This is a photograph of my grandfather, John Thomas Allen, in his uniform as a sergeant in the King's Royal Rifles around the time of the Great War. On his right is Robert Hampson, the husband of his wife's sister (Hampson's son, Kenneth, was killed in the Second World War). On his left is Albert Miles, his wife's brother.

John Thomas Allen didn't like to talk about his experiences and not a great deal is known of what happened to him during the War. He was born in 1890 (his birth certificate has proved elusive), and enlisted around 1910 for a fifteen year term with the King's Royal Rifles. At some point he served in Italy and Egypt (where he was kicked in the face by a camel). At the beginning of the First World War he was in the First Corps of the British Expeditionary Force, arriving at the front on August 13th, 1914; and his 'Mons Star' indicates that he was under enemy fire (i.e. "within range of enemy mobile artillery"). Later, on the Somme, he received serious injuries to both legs and was left for dead on the field. Although he was eventually found and his wounds treated in a French hospital, his legs never fully healed and caused him considerable pain for the rest of his life. He was also gassed and suffered quite badly from shell shock.

He was transferred to the Labour Corps because of his injuries, and was stationed at Tilbury, Essex, for a period. It was at this time that he met my grandmother, Lilian Frances Miles, who was working on munitions at Gravesend, Kent. They were married in Cowley Road Congregational Church, Oxford, on September 1st, 1918. Grandpa also spent some time at Oxford Prison guarding German prisoners of war. They made him several lovely carved items which have, sadly, long disappeared. Fortunately his Pip, Squeak and Wilfred medals (Mons Star [1914 Star with bar], British War Medal and Victory Medal) do still exist in the family.


Photographs copyright (c) 2001, Peter Twine.

Apparently, due to family pressures, John Thomas Allen left his regiment nine months or so before his fifteen years were up, as a result of which he never received a pension. For the rest of his life he worked, when his health allowed, in various jobs including as a fireman at the Pressed Steel factory in Oxford. He died of bladder cancer on May 29th, 1961, aged seventy-one, leaving a widow, three daughters and thirteen (eventually fourteen) grandchildren. I don't remember too much about him, myself, except that he was a lovely and loveable man with a bald head surrounded by a rim of silver hair which I found fascinating. I was only ten when he died.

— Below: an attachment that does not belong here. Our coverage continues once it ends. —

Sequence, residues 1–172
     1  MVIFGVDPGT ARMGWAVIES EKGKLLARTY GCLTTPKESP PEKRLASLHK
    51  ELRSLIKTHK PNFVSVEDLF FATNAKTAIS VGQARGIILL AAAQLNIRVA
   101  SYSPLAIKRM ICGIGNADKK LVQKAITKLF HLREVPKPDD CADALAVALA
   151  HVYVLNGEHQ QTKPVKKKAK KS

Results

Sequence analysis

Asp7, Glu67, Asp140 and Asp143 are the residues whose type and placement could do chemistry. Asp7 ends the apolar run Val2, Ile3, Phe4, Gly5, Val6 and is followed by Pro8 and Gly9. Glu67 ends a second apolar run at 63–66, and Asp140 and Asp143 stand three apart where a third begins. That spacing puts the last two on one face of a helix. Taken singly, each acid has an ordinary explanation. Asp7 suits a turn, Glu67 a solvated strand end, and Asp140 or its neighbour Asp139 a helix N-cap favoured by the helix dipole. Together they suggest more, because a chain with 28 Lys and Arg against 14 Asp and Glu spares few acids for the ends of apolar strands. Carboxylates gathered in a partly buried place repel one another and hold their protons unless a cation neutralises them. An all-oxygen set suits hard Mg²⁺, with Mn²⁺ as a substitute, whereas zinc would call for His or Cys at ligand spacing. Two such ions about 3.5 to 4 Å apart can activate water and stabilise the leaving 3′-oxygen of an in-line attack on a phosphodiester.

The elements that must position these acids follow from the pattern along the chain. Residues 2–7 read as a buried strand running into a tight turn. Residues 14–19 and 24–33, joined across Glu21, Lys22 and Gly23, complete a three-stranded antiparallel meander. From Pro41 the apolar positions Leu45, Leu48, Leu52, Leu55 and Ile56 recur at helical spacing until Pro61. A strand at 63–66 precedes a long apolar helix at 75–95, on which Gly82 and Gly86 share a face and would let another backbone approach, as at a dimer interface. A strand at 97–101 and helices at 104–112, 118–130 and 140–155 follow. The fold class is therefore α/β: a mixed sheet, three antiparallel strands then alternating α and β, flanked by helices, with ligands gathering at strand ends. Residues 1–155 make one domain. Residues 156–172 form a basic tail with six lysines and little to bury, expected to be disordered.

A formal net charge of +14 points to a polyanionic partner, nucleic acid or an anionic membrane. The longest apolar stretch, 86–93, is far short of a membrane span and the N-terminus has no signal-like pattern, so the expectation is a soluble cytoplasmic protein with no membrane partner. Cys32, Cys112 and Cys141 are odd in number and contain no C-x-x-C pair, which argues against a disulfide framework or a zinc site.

Copyright (c) 2000, 2005, Rosemary Pardoe.

My Cousin Peter Twine has been researching into our Grandfather's war time career
for several years. Here's what he has written to me on the subject:

I carry within my imagination a book, a TV series and for all that I know a film, entitled In Search of My Grandfather. I have had great fun over the last dozen years or so putting this tale together: it represents my efforts to follow in the footsteps of Private John Allen, later sergeant, in his movements through France in 1914-16.

You will notice the cut-off date is 1916. Beyond this point the British Army was so large that individual unit records were virtually indecipherable and I hesitate to mislead anyone. What is virtually certain is this: the chances of grandfather having survived the almost continual exposure in action of his unit from August 1914-November 1916 without the serious injuries that you mention, and that I too remember, would be miraculous.

Now, some information, with this caveat. This is his battalion's history: it has to be assumed that John Allen was present at some or all of these engagements; his unit certainly was. We do not know much of his personal story but probability and surmise will do. The likely tale then is as follows:

Private John Allen No. 7207 1st Battalion KRRC, part of the 6th Brigade, 2nd Division; one of two Divisions in the 1st Corps in 1914 (Haig's Corps).


Battle of Mons, August 1914. 6th Brigade acting as flank guard east of Mons.
Retreat from Mons, August-September; south of Forêt de Mormal, Landrecies.
Flank guard at Battle of Le Cateau, September 1914; skirmishing only.
Retreat to Marne via Villers Coteret, continuing south.
Later were peripheral to 1st Battle of the Marne.
1st Battle of the Aisne, where they crossed the river advancing north. Everybody dug in and the western front began to form north of the river.